For the first time in exactly 100 years — since the fall of 1920 — Russian and Turkish troops will both be on the ground in the region. Back then, just as many czars and sultans had done before them, Vladimir Lenin and Mustafa Kemal Ataturk dictated terms to draw new borders and spheres of influence. Then as now, Russia and Turkey shut Western nations out of the decision-making process.

Many “peace agreements” brokered by big powers across the world have festered or foundered because the grievances underlying them were never resolved and embittered parties to the conflict acted as spoilers. If this deal is not robust enough, in particular to make the Armenians of Nagorno-Karabakh feel safe and protected, it could fall apart in the same way and set off new conflict.

So to craft a sustainable Armenian-Azerbaijani peace, serious work is needed on a host of issues. These include: facilitating the safe return of refugees, reconstruction, demining, humanitarian support, addressing human rights abuses and opening the isolated region of Nagorno-Karabakh itself to access by international and United Nations agencies. Looming above them all is an angry clash of historical and national narratives that makes Nagorno-Karabakh one of the most toxic conflicts in the world.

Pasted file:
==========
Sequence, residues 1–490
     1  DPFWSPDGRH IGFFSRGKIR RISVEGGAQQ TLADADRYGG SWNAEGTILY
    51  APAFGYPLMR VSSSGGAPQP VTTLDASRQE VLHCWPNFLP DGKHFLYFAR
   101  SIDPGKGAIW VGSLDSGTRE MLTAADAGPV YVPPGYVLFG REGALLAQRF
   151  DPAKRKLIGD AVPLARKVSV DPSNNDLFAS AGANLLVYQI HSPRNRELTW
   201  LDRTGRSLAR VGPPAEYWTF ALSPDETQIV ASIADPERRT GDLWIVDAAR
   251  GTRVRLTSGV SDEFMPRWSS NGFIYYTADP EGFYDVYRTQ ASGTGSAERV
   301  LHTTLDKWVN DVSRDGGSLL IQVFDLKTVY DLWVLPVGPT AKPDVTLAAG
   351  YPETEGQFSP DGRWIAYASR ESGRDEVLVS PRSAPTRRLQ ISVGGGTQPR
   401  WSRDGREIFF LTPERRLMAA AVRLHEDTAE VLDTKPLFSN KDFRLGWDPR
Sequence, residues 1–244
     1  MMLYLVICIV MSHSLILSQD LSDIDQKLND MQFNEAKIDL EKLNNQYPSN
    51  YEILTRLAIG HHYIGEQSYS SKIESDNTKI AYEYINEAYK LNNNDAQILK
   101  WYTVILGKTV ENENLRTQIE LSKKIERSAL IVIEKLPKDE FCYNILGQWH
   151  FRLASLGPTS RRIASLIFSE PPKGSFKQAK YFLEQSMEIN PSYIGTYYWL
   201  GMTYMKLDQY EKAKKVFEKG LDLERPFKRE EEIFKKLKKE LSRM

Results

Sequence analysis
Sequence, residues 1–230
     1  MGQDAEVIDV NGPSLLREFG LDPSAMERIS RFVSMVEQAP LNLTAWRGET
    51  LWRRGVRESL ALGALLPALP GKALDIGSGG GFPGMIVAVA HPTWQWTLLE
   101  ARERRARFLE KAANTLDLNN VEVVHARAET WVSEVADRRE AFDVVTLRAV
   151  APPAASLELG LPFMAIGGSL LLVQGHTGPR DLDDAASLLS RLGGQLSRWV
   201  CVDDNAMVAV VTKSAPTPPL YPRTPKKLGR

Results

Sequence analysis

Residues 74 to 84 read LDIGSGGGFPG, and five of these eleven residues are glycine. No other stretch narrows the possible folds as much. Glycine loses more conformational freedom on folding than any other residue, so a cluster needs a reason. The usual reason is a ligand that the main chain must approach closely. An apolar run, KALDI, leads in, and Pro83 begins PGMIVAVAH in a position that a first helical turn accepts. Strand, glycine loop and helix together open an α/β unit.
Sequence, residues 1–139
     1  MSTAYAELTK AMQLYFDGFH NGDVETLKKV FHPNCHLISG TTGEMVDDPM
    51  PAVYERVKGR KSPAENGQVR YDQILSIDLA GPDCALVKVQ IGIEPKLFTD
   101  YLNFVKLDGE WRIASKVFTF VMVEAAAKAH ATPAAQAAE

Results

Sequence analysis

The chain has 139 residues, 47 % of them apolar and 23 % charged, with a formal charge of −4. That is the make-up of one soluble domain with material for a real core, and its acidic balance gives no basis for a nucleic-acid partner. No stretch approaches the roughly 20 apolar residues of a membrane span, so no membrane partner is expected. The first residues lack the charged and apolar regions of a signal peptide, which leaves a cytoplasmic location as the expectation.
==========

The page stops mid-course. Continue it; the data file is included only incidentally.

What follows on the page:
These are issues in which the politicians in Moscow or Ankara have little expertise or interest. They are ones in which Western countries and international organizations can offer a lot. That requires some humility about how little they have engaged with this conflict over the years and also what is bound to be an awkward cooperation with Russia. But a broader international contribution is crucial. What was signed on the night of Nov. 9, was only a deal for Nagorno-Karabakh. Much more is required if it is to become a peace.

Thomas de Waal (@Tom_deWaal) is a senior fellow with Carnegie Europe and the author of “Black Garden: Armenia and Azerbaijan Through Peace and War”